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Q & A with Sarah Tillery: She’s making history

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It’s hard to imagine things getting much bigger for the Service Learning Program.

Last year, 76 PCC students provided 11,000 hours of service and faculty have developed between 40 to 60 classes with service learning components for 18,000 hours of additional service. Last year, five organized days of service translated to two trips to the Oregon Food Bank, an ivy weed pull for Friends of Tryon Creek, a new playground for Harrison Park and coordination with thousands of students on MLK’s Day of Service.

Sarah Tillery and her Service Learning Program are aiming at collecting 50,000 hours of service from students, faculty and the community during PCC's 50th year.

In 2011-12, things will get much bigger. PCC will celebrate its 50th year with a yearlong service-learning event where students, faculty and the community will attempt to reach 50,000 hours of service by the end of the year. The goal may seem ambitious, especially since PCC’s Service Learning Program reached a total of 29,000 hours in 2010-11, but it’s a challenge that second-year coordinator Sarah Tillery relishes.

Tillery, who joined PCC in the summer 2010, guides the service-learning program and teaches women’s studies. Raised in Southern California, Tillery’s presence at the college is a bit of a homecoming. Before she earned her bachelor’s degree in English and Women’s Studies from UC Irvine in 1998, master’s degree in Women’s Studies from San Diego State in 2000 and a doctorate in Women’s Studies from the University of Maryland in 2007, she began her post-secondary education at El Camino Community College.

Q: How did you come to PCC?

Tillery: “I was job searching. My contract with Washington University in St. Louis, Mo., was up and my partner at the time had moved to California. The school was unable to fill my job, so I worked on contract from a distance for the spring semester, looking for a job the whole time. And, really, I was looking anywhere between Portland and Central California. There were no jobs in Central California and a few jobs up here. I had been trying to get a community college job for a while and it hadn’t worked out.”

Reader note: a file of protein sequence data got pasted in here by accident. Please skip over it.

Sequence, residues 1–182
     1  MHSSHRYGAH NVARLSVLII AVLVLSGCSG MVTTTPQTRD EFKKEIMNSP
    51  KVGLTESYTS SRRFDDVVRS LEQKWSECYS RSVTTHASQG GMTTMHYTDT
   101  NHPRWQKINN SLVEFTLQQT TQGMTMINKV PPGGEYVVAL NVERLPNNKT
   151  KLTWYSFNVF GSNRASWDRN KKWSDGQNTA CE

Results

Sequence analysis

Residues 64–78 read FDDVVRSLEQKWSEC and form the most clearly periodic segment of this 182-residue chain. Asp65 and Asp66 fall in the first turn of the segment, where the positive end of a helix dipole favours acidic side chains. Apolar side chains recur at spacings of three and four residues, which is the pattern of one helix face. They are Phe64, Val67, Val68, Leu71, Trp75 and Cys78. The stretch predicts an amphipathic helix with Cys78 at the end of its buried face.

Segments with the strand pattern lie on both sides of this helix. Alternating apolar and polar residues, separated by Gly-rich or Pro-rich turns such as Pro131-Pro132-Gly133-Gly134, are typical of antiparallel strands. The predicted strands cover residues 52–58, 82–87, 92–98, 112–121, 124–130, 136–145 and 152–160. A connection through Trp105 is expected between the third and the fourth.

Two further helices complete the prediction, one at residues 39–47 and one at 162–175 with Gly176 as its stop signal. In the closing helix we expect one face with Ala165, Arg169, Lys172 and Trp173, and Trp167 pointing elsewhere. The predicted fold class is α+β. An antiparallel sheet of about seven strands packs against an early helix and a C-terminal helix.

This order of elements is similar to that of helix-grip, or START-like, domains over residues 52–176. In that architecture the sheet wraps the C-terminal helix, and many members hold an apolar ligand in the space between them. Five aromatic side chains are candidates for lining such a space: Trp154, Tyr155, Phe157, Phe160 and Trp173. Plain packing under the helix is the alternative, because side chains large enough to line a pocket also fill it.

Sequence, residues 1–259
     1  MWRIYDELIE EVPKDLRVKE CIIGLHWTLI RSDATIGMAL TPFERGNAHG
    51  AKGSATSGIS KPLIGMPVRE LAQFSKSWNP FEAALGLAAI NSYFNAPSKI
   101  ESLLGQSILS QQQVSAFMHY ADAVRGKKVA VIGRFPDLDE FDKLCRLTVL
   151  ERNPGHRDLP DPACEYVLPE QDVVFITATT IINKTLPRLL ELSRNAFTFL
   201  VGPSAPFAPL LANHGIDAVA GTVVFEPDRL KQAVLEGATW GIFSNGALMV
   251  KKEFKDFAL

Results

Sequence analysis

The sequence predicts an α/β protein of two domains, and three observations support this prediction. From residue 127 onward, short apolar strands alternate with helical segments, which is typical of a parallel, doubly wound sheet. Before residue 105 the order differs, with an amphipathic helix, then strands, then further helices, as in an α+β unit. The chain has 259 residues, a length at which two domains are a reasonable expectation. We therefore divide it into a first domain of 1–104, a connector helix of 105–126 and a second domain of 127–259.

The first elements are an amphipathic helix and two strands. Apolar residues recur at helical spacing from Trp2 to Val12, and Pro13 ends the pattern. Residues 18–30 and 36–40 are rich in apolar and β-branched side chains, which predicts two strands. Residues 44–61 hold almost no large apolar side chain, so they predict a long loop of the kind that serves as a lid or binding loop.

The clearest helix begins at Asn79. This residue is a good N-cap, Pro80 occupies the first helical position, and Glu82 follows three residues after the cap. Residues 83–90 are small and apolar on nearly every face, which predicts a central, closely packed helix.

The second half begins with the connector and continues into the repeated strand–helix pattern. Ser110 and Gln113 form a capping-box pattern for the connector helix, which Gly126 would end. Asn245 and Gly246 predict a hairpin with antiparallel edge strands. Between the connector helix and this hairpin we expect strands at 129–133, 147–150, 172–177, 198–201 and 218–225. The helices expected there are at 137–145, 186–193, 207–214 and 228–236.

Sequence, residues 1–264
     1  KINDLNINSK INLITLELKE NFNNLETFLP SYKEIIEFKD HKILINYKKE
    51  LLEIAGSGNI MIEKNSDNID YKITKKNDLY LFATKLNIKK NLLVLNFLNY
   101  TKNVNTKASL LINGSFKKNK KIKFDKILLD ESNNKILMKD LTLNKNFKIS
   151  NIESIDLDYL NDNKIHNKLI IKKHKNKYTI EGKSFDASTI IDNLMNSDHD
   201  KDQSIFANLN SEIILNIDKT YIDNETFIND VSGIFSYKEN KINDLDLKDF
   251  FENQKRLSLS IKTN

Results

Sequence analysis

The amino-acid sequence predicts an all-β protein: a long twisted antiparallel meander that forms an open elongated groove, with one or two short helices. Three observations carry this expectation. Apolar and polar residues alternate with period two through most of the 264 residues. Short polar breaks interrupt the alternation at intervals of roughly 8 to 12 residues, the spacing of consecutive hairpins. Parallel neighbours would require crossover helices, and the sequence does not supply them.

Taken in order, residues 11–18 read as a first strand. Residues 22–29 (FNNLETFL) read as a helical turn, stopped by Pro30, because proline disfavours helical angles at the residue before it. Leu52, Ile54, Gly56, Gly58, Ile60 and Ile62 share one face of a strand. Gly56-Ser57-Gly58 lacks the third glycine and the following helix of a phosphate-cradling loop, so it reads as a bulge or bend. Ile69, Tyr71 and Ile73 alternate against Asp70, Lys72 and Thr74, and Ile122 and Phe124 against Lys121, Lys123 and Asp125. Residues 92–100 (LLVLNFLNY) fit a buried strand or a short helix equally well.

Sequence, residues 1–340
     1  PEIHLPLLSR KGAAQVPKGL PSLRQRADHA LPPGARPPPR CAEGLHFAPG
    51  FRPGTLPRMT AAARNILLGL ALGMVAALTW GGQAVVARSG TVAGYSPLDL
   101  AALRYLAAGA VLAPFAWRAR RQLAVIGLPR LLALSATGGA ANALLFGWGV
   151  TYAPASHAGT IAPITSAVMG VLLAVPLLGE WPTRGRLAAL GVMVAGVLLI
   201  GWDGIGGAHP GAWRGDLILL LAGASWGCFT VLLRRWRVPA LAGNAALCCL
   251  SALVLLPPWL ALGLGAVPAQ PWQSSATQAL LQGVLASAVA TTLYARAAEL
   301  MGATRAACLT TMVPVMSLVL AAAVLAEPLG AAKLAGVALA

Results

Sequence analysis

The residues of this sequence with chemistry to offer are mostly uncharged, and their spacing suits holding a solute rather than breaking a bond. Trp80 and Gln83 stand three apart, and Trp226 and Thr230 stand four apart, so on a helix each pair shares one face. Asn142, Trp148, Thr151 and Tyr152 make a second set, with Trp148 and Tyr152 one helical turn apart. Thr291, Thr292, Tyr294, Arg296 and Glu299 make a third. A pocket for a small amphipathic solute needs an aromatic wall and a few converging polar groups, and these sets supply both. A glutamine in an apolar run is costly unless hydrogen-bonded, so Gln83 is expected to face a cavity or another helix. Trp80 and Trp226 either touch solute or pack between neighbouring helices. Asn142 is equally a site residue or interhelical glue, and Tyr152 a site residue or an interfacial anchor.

Service-learning projects include park clean-ups.

Q: Having gone to a community college do you feel it helped you in finding work at PCC?

Tillery: “Certainly, it helped me being able to identify what I valued in higher education because it was probably, particularly with my under-graduate experience, the most positive college experience I had. So it was really nice to be able to say that this is where my values are and this where I could see where your values are in terms of interviewing (for the position). It was nice to be able to layout to the interviewers that I felt like my values were aligned (with their’s).”

Q: Was there much of a transition coming into a service-learning environment?

Tillery: “The positives were that Jennifer Alkezweeny before me had done such an amazing job in building the roots of this program. So, it was nice to walk into a program that had such a solid foundation. I felt like I didn’t have to search around for stuff or beef up the webpage or the recordkeeping. It was easy to sort of walk in and say, ‘Alright, we can maintain these and then see where else we can go.’ That’s a credit to her and made the transition for me really easy.”

Q: What are the main benefits associated with volunteering for a service-learning project?

Tillery: “Whether its cooperative education or hands-on training in an auto collision repair shop here, it really does fall on that continuum of experiential learning. It gives students the opportunity to take what they are learning in the class and apply it in a volunteer context to benefit the community or benefit a client at a particular non-profit. I know for myself in particular that as a student having that kind of learning experience means I learned it for real and not from a book. For faculty the benefit is being able to offer service learning as part of the buffet of options in your teaching tool kit. How to get your students from points A to B; this is one way you get them there.”

Or helping out at local non-profits.

Q: Are you up for the task of overseeing PCC’s quest to reach 50,000 hours of service in honor of the college’s 50th year?

Tillery: “I’m super excited that the college has committed to 50,000 hours of service. I think that it will be a huge commitment and will be a bit of a stretch to get us there. All of the things that the college already does are so amazing that we’ll be able to raise awareness on all of those things and sort of put a spotlight on those great activities. We have our hands full, but we’re excited about doing double or triple the number of service events in a single year. I think these events will be a great opportunity to be together and contribute something back to this community that keeps this place going and alive.”

Q: Have you ever heard of a community college or any school doing something like this?

Tillery: “I have heard, second hand, that other places might have done something similar, but not on this scale by any stretch. We’re the biggest college in the state so I think it’s appropriate. It’s totally in keeping with the mission of the college and where we sit with the community.”

About James Hill

James G. Hill, an award-winning journalist and public relations writer, has been the Communications Specialist for the Office of Public Affairs at Portland Community College since November of 1999. A graduate of Portland State University, J... more »

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